"We conceptualize this as a legacy for the county," stated Krompel, who sponsored and presented the measure to the commission. "We would have to have healthy mineral lease payments before this would kick in. But over time, it could amount to a substantial amount of money for the college to use for scholarships. The scholarships would be supplied only by the interest from the endowment money."
After CEU and Krompel completed the initial presentation, the special service district board voiced several concerns regarding the proposal.
"I am wondering if there should be some kind of cap on how much money could be in the endowment fund," said board member Tom Bruno. Board member Sam Quigley expressed a concern about controlling the proposed fund.
"The goal here would be to get funding for local scholarships and to get more people to come here from the outside," said Quigley. "But I think we need some real controls over this money. I am also concerned about how big this fund could get. We have to have assurances the fund will be used properly and in perpetuity."
Ideally, everyone in the county could get a scholarship if the fund gets large enough, pointed out Commissioner Steve Burge.
Revenues from the special service district would be handled like any money given to CEU for scholarships, noted King.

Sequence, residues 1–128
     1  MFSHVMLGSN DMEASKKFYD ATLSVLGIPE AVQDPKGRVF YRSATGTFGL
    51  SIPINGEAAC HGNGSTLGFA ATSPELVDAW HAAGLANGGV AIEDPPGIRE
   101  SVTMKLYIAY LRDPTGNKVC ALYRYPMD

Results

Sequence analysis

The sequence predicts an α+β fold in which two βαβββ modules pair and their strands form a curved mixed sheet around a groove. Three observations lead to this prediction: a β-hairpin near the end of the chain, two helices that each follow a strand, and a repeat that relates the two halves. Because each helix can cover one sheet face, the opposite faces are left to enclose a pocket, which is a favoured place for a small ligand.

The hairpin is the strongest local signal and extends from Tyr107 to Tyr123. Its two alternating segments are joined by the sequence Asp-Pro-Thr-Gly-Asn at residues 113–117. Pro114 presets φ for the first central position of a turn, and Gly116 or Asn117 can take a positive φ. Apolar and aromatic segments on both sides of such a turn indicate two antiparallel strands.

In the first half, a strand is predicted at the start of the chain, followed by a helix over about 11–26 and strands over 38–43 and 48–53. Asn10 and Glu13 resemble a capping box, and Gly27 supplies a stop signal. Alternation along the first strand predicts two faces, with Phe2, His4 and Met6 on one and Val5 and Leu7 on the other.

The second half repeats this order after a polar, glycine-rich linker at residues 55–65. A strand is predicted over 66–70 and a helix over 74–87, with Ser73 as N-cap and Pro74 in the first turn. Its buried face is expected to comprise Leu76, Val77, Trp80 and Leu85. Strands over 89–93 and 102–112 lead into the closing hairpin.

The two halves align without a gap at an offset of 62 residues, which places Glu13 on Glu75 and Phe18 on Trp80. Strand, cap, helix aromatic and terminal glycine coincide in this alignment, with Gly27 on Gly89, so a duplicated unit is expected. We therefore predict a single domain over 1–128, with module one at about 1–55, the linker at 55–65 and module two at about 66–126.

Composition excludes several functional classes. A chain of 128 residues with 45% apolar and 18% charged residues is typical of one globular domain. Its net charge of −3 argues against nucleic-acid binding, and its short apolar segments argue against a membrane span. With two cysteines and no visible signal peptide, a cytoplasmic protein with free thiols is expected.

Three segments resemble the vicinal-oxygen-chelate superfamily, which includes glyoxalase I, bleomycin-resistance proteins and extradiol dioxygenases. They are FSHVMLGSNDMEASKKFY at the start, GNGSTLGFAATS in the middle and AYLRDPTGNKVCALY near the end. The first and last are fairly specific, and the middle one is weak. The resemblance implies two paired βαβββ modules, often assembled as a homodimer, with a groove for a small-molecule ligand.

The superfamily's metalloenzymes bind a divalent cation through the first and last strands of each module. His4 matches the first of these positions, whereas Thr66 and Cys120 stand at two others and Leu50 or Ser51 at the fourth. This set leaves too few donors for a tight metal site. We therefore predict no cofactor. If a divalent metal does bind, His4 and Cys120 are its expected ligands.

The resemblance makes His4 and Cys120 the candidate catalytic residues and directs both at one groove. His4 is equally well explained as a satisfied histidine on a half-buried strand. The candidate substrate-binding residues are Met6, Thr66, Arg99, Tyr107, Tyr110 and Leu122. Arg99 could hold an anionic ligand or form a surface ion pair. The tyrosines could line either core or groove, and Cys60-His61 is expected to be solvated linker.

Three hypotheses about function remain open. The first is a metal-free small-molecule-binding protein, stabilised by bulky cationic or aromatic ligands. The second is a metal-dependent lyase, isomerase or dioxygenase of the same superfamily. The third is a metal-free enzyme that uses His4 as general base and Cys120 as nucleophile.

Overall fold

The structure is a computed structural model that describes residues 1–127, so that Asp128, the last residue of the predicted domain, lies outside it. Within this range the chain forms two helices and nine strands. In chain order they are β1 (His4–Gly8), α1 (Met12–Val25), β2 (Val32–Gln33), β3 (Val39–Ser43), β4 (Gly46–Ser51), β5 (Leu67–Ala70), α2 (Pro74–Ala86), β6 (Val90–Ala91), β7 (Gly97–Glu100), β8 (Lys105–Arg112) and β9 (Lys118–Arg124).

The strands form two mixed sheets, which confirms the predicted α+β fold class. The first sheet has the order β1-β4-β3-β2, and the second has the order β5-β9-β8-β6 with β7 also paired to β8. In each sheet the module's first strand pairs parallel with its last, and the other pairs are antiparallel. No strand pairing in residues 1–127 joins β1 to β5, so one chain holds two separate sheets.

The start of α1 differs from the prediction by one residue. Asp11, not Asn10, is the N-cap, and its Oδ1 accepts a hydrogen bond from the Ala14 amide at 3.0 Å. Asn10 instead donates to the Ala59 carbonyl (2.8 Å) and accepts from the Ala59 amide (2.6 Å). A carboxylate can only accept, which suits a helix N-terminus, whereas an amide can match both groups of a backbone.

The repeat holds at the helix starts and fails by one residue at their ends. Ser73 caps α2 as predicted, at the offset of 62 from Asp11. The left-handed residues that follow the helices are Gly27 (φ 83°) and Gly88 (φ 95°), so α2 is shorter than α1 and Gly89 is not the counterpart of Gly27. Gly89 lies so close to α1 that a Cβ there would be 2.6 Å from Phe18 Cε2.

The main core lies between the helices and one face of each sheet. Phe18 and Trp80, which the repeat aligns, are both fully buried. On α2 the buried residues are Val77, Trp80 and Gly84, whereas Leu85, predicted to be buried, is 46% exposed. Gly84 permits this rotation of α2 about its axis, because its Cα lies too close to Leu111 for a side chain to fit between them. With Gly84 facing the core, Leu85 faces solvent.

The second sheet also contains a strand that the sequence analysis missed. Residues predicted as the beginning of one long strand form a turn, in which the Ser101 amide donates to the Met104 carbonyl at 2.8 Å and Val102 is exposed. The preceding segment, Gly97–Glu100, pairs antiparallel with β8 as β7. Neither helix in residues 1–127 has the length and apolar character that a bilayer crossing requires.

"We have many businesses and people who give us scholarship money and tell us exactly how we can use it,"said King. "We would do the same with you. You can determine how it would be used and who would get it."
Service district board member Dennis Christensen was uncomfortable about mineral lease revenues going to non-local students.
"I think we should just increase the amount of funds for local students and for those who don't receive scholarships, but want them," said Christensen.
Some board members questioned the definition of out of the area students, particularly when it came to Emery County residents.
King said Emery students were not considered out of the area for scholarship purposes. He also explained that out of state or out of country students will not receive any mineral lease revenues.
"But I want everyone to know that out of state and international students who come here really pull their weight," added King. "They spend more money here because they not only pay more for their education, but they buy more in the community. It's something everyone needs to remember when they have to deal with a student who doesn't speak English very well."